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Charlotte Gibson: a community’s midwife

Charlotte Gibson: a community’s midwife

Charlotte Gibson, nee Charlotte Augusta Purdee (1839 – 1910) is known not only as a founder of Gibsons Landing but as a skilled midwife and nurse. The details of Charlotte’s birth and background in the U.S. are contested, but we know that she married George Gibson in 1859 at age 19 and moved to Ontario. By the time she arrived in Gibsons Landing in 1886 she had given birth to eight children. 

The Sunshine Coast Museum and Archives currently displays a glass oil lamp of turquoise blue inset with pressed flowers which Charlotte Gibson brought with her from Ontario. Its value rests not only in its translucent beauty but the fact that several babies were born with the help of its light. The BC Archives hold 40 registered births on the Sunshine Coast between 1889 and 1903. Thirty-three of these birth registrations have been scanned and digitized for public view. These 33 documents detail such information as the birthweight and medical attendant present. Of these 33 births, Mrs. Gibson is listed as midwife to 15 births – eight of which were her own grandchildren. (Charlotte’s daughter “Lottie” McCombs is also recorded as a midwife.) Only four of the 33 births were attended by a physician, and six had no medical attendant present. If these 33 documents are to be taken as a representative sampling of the 40 total registered births in the early settler period, it is clear that Charlotte was an active midwife in the community.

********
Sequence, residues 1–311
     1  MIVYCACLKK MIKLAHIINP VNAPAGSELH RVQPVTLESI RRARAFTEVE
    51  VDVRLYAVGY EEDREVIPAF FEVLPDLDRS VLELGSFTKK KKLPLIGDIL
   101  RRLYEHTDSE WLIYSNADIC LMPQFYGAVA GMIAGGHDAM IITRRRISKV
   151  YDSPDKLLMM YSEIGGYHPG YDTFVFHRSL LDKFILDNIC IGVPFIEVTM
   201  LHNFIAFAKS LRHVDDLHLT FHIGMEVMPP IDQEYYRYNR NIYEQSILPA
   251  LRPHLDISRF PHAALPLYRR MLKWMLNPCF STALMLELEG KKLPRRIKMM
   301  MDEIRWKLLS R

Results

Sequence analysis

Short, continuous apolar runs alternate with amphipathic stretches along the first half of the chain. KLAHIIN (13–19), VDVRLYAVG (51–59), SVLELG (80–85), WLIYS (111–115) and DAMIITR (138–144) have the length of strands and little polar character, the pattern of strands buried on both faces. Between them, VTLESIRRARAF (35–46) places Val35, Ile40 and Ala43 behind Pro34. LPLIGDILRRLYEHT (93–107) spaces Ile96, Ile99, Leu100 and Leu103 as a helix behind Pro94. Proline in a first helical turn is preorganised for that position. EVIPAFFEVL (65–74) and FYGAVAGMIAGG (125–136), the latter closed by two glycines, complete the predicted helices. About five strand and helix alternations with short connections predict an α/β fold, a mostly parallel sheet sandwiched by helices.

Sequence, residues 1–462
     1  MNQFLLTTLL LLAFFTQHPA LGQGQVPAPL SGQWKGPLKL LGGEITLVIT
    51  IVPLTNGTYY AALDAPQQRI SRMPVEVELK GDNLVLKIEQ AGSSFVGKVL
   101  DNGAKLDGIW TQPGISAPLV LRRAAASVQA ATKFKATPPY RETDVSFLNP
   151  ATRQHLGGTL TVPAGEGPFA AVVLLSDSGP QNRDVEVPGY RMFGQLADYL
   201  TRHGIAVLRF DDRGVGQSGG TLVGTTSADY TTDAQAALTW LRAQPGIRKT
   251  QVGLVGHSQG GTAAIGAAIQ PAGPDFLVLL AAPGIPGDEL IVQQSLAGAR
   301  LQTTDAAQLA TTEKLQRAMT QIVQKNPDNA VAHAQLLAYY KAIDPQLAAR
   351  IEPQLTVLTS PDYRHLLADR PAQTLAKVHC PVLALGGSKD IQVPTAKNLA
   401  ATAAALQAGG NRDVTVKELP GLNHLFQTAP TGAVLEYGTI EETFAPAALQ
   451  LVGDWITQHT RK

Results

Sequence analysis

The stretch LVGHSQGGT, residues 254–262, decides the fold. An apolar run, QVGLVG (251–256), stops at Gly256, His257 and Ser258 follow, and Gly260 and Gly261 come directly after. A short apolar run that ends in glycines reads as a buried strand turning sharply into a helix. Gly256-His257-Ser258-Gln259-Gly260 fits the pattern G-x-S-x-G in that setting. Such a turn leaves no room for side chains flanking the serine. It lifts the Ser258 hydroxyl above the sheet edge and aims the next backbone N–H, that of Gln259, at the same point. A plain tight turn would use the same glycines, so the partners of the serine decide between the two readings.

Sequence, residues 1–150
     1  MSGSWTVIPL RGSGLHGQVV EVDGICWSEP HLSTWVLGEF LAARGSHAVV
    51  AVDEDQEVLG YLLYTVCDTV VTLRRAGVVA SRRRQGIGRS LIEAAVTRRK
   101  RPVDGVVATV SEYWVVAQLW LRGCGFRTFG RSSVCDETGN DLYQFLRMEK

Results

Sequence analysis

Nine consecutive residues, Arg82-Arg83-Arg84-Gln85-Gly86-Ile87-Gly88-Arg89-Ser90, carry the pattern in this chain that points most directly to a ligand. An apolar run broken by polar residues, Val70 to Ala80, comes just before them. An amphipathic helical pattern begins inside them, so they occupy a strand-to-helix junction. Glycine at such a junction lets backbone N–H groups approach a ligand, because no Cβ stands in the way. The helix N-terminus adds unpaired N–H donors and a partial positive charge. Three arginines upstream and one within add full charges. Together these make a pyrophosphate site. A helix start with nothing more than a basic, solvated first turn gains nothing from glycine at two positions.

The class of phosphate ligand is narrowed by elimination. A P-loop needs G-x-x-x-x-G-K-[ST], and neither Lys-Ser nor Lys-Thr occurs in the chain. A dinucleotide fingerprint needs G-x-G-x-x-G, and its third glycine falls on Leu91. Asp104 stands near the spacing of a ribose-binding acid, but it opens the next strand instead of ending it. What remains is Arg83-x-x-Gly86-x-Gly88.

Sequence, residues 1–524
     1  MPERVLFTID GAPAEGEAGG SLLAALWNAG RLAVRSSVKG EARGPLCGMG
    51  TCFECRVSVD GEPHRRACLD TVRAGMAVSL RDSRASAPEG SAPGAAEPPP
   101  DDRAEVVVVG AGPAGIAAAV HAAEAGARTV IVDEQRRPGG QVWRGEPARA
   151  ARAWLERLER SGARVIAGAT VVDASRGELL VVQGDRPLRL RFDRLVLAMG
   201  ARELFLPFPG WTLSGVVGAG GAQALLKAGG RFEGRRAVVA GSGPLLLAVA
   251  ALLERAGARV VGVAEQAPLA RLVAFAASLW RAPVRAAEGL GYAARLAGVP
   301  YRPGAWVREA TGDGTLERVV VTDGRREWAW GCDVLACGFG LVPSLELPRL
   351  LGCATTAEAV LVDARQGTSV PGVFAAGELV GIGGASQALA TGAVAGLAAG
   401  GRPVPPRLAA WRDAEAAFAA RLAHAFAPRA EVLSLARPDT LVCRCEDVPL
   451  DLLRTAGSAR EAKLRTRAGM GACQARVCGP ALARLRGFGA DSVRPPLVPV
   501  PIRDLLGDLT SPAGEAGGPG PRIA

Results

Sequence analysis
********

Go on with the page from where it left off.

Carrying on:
Charlotte Gibson, left, one of the first midwives on the Coast, with her daughter Nellie Patterson and granddaughter Grace Glassford in a 1908 photo. Grace, on the right, was the first settler born in Gibsons. SCMA photo #317

Like Charlotte, many women in the Victorian era put their child-birthing skills to work as midwives. The other professions open to women not raising large broods of children included teaching, nursing, domestic service and dressmaking. In rural settlements like the Sunshine Coast, the services of a midwife were most likely remunerated through the barter system. It is said that Charlotte utilized a medical resource book, which has sadly not survived the ages.

Florence Nightingale was the first to open a school for midwifery in 1861. The Florence Nightingale Faculty of Nursing, Midwifery & Palliative Care at King’s College, London England still operates today. Midwives traditionally presided over births which took place at home alongside female relatives and neighbours. Though a respected profession in Charlotte’s day, midwifery experienced a sharp fall in status coincident with the growing medicalization of birth. Here birth was seen as an illness necessitating hospital intervention, rather than an intimate natural process best supported with holistic consideration of mind, body and spirit. It wasn’t until the 1960s that midwifery regained social acceptance through feminist interest in women-supported home births. By the 1990s most Canadian provinces began to regulate and integrate midwifery into the public health-care system. No longer maligned and marginalized, midwives have been fully incorporated into mainstream maternity care.

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